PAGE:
Skip to main content
Open Access Publications from the University of California

UC Davis

UC Davis Previously Published Works bannerUC Davis

The Verticillium dahliae Sho1‐MAPK pathway regulates melanin biosynthesis and is required for cotton infection


Verticillium dahliae is a soil-borne fungus that causes vascular wilt on numerous plants worldwide. The fungus survives in the soil for up to 14 years by producing melanized microsclerotia. The protective function of melanin in abiotic stresses is well documented. Here, we found that the V. dahliae tetraspan transmembrane protein VdSho1, a homolog of the Saccharomyces cerevisiae Sho1, acts as an osmosensor, and is required for plant penetration and melanin biosynthesis. The deletion mutant ΔSho1 was incubated on a cellophane membrane substrate that mimics the plant epidermis, revealing that the penetration of ΔSho1 strain was reduced compared to the wild-type strain. Furthermore, VdSho1 regulates melanin biosynthesis by a signalling mechanism requiring a kinase-kinase signalling module of Vst50-Vst11-Vst7. Strains, ΔVst50, ΔVst7 and ΔVst11 also displayed defective penetration and melanin production like the ΔSho1 strain. Defects in penetration and melanin production in ΔSho1 were restored by overexpression of Vst50, suggesting that Vst50 lies downstream of VdSho1 in the regulatory pathway governing penetration and melanin biosynthesis. Data analyses revealed that the transmembrane portion of VdSho1 was essential for both membrane penetration and melanin production. This study demonstrates that Vst50-Vst11-Vst7 module regulates VdSho1-mediated plant penetration and melanin production in V. dahliae, contributing to virulence.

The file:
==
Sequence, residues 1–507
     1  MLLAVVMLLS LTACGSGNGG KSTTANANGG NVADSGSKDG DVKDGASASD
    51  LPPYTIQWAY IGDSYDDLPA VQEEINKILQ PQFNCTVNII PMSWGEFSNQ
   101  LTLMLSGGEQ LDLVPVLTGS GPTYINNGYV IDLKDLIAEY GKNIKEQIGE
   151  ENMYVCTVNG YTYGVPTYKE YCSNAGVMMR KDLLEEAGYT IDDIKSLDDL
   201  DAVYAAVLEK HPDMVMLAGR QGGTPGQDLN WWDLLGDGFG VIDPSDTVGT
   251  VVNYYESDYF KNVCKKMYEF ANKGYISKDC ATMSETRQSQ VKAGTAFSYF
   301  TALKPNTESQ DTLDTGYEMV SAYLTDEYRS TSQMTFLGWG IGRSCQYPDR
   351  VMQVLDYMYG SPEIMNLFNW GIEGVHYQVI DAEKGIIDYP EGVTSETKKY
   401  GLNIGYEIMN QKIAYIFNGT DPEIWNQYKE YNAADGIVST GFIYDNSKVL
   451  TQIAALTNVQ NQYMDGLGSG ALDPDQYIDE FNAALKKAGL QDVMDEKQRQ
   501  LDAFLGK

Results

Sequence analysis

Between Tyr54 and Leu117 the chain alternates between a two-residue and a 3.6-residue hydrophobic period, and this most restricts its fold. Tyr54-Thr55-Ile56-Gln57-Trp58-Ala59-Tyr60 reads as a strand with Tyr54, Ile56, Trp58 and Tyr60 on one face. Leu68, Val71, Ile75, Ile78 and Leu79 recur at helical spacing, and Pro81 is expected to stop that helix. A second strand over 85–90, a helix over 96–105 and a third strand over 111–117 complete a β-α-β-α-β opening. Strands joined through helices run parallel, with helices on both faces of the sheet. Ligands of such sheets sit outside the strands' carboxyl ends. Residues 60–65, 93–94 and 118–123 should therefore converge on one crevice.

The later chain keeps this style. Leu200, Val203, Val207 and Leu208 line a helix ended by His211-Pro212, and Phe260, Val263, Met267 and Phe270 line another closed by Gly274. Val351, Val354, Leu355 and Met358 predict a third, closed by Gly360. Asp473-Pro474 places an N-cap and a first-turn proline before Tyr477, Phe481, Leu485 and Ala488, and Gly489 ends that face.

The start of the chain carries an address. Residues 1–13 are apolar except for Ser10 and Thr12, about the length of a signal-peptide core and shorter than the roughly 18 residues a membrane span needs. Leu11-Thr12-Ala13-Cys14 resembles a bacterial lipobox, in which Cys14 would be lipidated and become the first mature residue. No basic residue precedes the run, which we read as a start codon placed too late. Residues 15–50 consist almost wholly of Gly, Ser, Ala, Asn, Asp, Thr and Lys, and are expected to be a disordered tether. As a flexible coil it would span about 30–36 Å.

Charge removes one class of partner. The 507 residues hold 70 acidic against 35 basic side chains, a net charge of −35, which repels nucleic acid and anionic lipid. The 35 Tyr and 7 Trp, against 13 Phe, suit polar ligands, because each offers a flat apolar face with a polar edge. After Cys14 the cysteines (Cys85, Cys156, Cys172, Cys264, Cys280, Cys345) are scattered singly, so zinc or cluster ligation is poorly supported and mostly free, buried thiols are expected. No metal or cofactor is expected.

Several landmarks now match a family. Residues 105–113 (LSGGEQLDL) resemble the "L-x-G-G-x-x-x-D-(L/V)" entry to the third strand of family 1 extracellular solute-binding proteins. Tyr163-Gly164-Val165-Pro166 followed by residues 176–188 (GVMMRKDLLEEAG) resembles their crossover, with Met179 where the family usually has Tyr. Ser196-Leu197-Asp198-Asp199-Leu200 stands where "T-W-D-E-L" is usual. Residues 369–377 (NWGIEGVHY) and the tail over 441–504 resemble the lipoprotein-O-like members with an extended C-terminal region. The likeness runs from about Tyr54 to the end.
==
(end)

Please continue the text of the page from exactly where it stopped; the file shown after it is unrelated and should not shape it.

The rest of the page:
Many UC-authored scholarly publications are freely available on this site because of the UC's open access policies. Let us know how this access is important for you.

Main Content
For improved accessibility of PDF content, download the file to your device.
Current View